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Global Health Action

ISSN: (Print) (Online) Journal homepage: https://www.tandfonline.com/loi/zgha20

Negotiating social norms, the legacy of vertical health initiatives and contradicting health policies:

a qualitative study of health professionals’

perceptions and attitudes of providing adolescent sexual and reproductive health care in Arusha and Kilimanjaro region, Tanzania

Sara Bylund , Mats Målqvist , Nosim Peter & Sibylle Herzig van Wees

To cite this article: Sara Bylund , Mats Målqvist , Nosim Peter & Sibylle Herzig van Wees (2020) Negotiating social norms, the legacy of vertical health initiatives and contradicting health policies: a qualitative study of health professionals’ perceptions and attitudes of providing adolescent sexual and reproductive health care in Arusha and Kilimanjaro region, Tanzania, Global Health Action, 13:1, 1775992, DOI: 10.1080/16549716.2020.1775992

To link to this article: https://doi.org/10.1080/16549716.2020.1775992

© 2020 The Author(s). Published by Informa UK Limited, trading as Taylor & Francis Group.

Published online: 26 Jun 2020.

Submit your article to this journal Article views: 426

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ORIGINAL ARTICLE

Negotiating social norms, the legacy of vertical health initiatives and contradicting health policies: a qualitative study of health professionals ’ perceptions and attitudes of providing adolescent sexual and reproductive health care in Arusha and Kilimanjaro region, Tanzania

Sara Bylund

a

, Mats Målqvist

a

, Nosim Peter

b

and Sibylle Herzig van Wees

a

a

UGHRIS - Uppsala Global Health Research on Implementation and Sustainability, Department of Women ’s and Children’s Health, Uppsala University, Uppsala, Sweden;

b

Health Department, Evangelic-Lutheran Church of Tanzania, Arusha, Tanzania

ABSTRACT

Background: Adolescents in Tanzania are at risk of many health problems attributed to limited access to quality sexual and reproductive health services. Health professionals are a crucial part of service delivery, and their perspective on providing care is important in understanding the barriers that hamper access to sexual and reproductive health services for adolescents. Better understanding these barriers will support the development of more effective interventions. This paper explores these perspectives in view of the health-policy context that surrounds them.

Objective: This study has aimed to explore and understand health professionals ’ perceptions and attitudes regarding the provision of adolescent sexual and reproductive health care in a selected national sexual and reproductive health programme in the Arusha region and Kilimanjaro region, Tanzania.

Methods: A qualitative cross-sectional interview design was applied. Sixteen in-depth inter- views were conducted with health professionals and community health workers. Data was analysed following inductive thematic analysis.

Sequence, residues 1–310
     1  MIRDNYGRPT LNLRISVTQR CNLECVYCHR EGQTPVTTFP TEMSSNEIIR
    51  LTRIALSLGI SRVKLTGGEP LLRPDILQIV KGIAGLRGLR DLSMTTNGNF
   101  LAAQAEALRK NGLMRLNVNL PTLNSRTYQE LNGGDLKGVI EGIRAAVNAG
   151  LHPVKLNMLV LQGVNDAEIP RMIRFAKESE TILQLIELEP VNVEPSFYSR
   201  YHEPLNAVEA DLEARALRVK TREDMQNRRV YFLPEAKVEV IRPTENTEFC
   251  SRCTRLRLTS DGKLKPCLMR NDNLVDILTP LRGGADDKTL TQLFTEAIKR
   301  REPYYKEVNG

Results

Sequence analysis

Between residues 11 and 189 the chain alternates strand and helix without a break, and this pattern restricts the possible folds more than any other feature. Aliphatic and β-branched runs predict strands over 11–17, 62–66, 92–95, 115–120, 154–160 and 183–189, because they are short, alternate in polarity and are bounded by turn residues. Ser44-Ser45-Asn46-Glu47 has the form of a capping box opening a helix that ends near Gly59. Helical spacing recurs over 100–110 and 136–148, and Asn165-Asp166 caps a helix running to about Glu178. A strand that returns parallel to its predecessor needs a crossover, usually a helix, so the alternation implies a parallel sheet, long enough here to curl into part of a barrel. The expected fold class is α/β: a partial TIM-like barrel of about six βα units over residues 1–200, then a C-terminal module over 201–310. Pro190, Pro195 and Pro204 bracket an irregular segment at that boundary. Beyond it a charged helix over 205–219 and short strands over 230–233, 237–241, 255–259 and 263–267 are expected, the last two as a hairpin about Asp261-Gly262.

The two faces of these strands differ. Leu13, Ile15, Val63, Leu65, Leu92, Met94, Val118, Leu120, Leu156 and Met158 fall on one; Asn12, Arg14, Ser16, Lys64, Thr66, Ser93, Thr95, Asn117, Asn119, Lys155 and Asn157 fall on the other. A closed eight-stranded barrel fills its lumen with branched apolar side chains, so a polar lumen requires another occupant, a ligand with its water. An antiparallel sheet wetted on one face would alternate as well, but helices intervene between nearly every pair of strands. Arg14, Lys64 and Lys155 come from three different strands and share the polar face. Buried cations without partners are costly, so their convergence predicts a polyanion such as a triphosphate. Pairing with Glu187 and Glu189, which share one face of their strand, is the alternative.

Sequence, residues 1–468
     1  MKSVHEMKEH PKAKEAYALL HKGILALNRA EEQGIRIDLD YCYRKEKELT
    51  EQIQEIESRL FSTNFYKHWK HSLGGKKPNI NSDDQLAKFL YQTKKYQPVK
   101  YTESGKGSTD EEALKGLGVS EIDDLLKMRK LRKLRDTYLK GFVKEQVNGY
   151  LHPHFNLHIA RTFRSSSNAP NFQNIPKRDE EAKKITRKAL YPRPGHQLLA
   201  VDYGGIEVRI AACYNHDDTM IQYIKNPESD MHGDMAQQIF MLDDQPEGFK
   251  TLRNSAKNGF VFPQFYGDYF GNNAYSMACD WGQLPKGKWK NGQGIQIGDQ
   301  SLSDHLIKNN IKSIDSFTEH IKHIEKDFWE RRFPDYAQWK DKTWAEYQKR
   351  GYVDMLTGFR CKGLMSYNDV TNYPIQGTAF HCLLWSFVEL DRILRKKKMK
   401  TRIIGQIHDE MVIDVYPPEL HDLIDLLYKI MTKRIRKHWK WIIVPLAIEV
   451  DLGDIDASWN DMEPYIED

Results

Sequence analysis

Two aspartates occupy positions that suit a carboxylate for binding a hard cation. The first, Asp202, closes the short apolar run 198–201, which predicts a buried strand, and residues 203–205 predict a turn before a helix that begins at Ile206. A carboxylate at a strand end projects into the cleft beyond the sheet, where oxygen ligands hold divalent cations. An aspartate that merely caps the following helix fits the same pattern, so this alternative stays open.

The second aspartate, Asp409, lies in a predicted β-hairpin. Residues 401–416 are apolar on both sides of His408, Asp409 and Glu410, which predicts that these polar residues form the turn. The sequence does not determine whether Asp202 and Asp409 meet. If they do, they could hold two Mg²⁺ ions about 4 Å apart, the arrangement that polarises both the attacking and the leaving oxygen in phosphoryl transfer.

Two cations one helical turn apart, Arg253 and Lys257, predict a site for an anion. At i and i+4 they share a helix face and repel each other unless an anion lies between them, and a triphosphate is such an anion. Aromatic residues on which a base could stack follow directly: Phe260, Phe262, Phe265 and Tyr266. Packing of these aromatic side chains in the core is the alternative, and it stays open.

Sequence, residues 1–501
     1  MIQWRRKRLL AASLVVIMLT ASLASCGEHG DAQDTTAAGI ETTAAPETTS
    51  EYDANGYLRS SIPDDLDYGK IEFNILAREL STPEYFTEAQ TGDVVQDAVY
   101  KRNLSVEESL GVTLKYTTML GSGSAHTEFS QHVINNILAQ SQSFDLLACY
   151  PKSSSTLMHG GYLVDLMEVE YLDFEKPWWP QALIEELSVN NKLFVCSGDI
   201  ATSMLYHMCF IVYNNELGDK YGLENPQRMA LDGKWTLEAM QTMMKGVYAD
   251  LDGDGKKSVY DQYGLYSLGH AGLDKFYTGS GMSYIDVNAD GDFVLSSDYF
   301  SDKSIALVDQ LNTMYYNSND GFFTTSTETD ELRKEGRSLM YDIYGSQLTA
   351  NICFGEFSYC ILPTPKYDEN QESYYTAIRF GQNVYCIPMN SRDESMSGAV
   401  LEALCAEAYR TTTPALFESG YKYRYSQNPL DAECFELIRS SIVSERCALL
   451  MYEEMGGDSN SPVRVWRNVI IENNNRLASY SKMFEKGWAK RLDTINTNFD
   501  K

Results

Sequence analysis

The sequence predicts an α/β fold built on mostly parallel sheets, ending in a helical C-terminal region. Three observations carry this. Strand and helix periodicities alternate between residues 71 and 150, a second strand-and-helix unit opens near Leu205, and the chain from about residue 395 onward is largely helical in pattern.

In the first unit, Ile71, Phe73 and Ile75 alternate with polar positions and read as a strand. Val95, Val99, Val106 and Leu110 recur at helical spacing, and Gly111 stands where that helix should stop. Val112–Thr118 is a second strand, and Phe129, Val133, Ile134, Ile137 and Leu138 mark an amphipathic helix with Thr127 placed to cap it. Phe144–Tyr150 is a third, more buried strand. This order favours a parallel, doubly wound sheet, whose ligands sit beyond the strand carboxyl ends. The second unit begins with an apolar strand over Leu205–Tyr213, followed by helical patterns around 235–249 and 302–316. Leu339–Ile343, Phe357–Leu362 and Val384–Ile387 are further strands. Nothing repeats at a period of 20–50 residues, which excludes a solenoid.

Results: Four main themes are identified in the data: concern about the stigma directed towards adolescents; over-medicalisation of services; difficulty involving adolescent males;

and ambiguous policies and contradictory messages. The findings suggest that health profes- sionals providing care in the current adolescent sexual and reproductive health programme must navigate the legacy of vertical health programmes as well as contradicting views and messages that are influenced by social norms, by uncertainties about current laws and by statements from political leaders.

Conclusions: The findings suggest that future research, policies and health programmes should consider the perspectives of health professionals and their challenges in delivering care for adolescents to help improve the understanding of how to effectively and sensitively implement sexual and reproductive health programmes for adolescents.

ARTICLE HISTORY Received 31 October 2019 Accepted 26 May 2020 RESPONSIBLE EDITOR Maria Emmelin, Umeå University, Sweden KEYWORDS Adolescent sexual and reproductive health;

Tanzania; health providers ’ attitudes; qualitative research; providing health care

Background

Sexual and reproductive health is acknowledged as a human right and is a key component of the physical and emotional health of all individuals [1]. Progress has been made to improve sexual and reproductive health outcomes since the 1994 International Conference on Population and Development, but adolescents, defined by the World Health Organization (WHO) as people between 10 and 19 years old [2], continue to be disproportionately affected in terms of their access to sexual and repro- ductive health services [2]. In low- and middle- income countries, the leading causes of poor sexual and reproductive health outcomes are related to child marriage, teenage pregnancy, sexually transmitted infections (STIs) and human immunodeficiency virus (HIV) transmission [3–5].